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'Life of Pi' tiger well cared for before, after 'accident': Ang Lee
Central News Agency
2013-11-27 10:04 PM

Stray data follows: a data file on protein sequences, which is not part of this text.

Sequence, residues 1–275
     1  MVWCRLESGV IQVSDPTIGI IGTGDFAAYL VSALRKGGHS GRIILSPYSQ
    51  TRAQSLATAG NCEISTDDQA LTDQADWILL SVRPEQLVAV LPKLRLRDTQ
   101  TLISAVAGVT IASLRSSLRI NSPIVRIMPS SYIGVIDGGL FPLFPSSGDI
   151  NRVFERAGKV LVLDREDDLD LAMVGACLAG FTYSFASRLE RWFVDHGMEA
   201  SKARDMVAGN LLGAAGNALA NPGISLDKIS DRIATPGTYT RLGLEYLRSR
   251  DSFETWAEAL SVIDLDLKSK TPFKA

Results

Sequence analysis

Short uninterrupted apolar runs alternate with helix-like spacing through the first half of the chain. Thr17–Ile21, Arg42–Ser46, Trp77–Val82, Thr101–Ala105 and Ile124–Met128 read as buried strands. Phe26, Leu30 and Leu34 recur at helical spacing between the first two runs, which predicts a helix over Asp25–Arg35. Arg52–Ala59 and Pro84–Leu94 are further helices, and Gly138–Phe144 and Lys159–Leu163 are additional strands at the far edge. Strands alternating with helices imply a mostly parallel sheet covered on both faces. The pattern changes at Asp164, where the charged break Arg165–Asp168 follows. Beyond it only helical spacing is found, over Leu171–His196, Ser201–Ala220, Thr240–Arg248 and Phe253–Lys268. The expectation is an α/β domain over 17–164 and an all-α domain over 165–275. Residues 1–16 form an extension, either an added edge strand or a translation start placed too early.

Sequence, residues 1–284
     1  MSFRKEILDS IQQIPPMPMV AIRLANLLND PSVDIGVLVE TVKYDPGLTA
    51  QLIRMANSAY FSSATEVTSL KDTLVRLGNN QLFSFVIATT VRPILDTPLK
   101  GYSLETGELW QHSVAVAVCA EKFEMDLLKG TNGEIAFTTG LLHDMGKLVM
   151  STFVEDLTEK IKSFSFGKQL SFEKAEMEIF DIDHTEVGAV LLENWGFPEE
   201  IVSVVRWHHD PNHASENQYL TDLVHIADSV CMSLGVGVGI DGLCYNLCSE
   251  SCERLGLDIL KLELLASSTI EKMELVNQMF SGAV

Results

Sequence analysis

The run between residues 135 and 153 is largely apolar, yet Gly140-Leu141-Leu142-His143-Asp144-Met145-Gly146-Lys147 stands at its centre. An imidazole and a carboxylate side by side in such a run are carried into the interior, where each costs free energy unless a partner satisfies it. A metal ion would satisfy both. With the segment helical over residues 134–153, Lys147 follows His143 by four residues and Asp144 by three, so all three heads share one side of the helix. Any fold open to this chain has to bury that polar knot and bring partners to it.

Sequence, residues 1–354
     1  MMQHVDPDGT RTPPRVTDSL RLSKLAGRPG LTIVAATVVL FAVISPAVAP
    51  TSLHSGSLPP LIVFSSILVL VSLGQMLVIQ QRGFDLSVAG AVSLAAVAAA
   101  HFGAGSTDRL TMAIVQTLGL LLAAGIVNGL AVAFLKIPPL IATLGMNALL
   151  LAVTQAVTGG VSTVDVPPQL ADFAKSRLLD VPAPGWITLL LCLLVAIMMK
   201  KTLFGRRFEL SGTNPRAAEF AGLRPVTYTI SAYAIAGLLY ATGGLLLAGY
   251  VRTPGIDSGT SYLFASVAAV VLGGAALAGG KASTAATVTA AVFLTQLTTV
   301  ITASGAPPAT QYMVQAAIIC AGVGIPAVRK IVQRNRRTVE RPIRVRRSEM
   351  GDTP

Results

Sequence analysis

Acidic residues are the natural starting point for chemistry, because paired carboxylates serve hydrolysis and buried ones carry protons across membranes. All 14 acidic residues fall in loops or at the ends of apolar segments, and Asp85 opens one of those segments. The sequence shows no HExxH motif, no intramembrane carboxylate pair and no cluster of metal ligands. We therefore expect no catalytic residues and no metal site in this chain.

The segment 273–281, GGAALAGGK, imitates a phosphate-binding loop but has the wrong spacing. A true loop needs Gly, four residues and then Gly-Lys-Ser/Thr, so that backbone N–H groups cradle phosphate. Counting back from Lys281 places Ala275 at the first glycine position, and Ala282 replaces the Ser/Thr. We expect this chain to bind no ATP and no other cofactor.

Manila, Nov. 27 (CNA) Facing accusations that the tiger who starred in "Life of Pi" nearly drowned during filming, director Ang Lee reassured reporters in Taiwan and the Philippines that the animal was well cared for by professionals. "We did everything we could" to care for the tiger, Lee said after arriving in Manila, where he was set to take part in a four-day film exchange. He did, however, admit to the animal actor's near-drowning, which was reported Monday by The Hollywood Reporter in a feature titled "Animals Were Harmed." "It was an accident," Lee told reporters in Taiwan before boarding his flight, saying that King, the tiger who portrays Richard Parker in the film, got disoriented while swimming in a water tank during filming in Taiwan but was eventually led to safety by trainers. "The crew worked hard to rescue the tiger and then showed him a lot of care, giving him five-star treatment." In Manila, he reinforced the attention given to King on-set and off. "We gave a lot of care to the tiger, as much as we possibly could," he said. The Oscar-winning film earned an important certification from the American Humane Association (AHA) which allowed it to add the phrase "no animals were harmed in the making of this film" to the credits. But according to an agitated email obtained by The Hollywood Reporter, the AHA monitor assigned to the film did not seem to feel the same way. "The worst thing was that last week we almost f---ing killed King in the water tank. This one take with him went really bad and he got lost trying to swim to the side. Damn near drowned... I think this goes without saying but DON'T MENTION IT TO ANYONE, ESPECIALLY THE OFFICE. I have down-played the f--- out of it," monitor Gina Johnson reportedly wrote in a 2011 email. The AHA responded to The Hollywood Reporter's article the same day, saying the story "distorts the work and record" of the organization. On Tuesday, the AHA told CNN that Johnson no longer worked with them. Meanwhile, a Tuesday follow-up in The Hollywood Reporter quoted a spokesman from Fox, the film's distributor, who denied that the incident had even taken place. (By Emerson T. Lin and Maia Huang)
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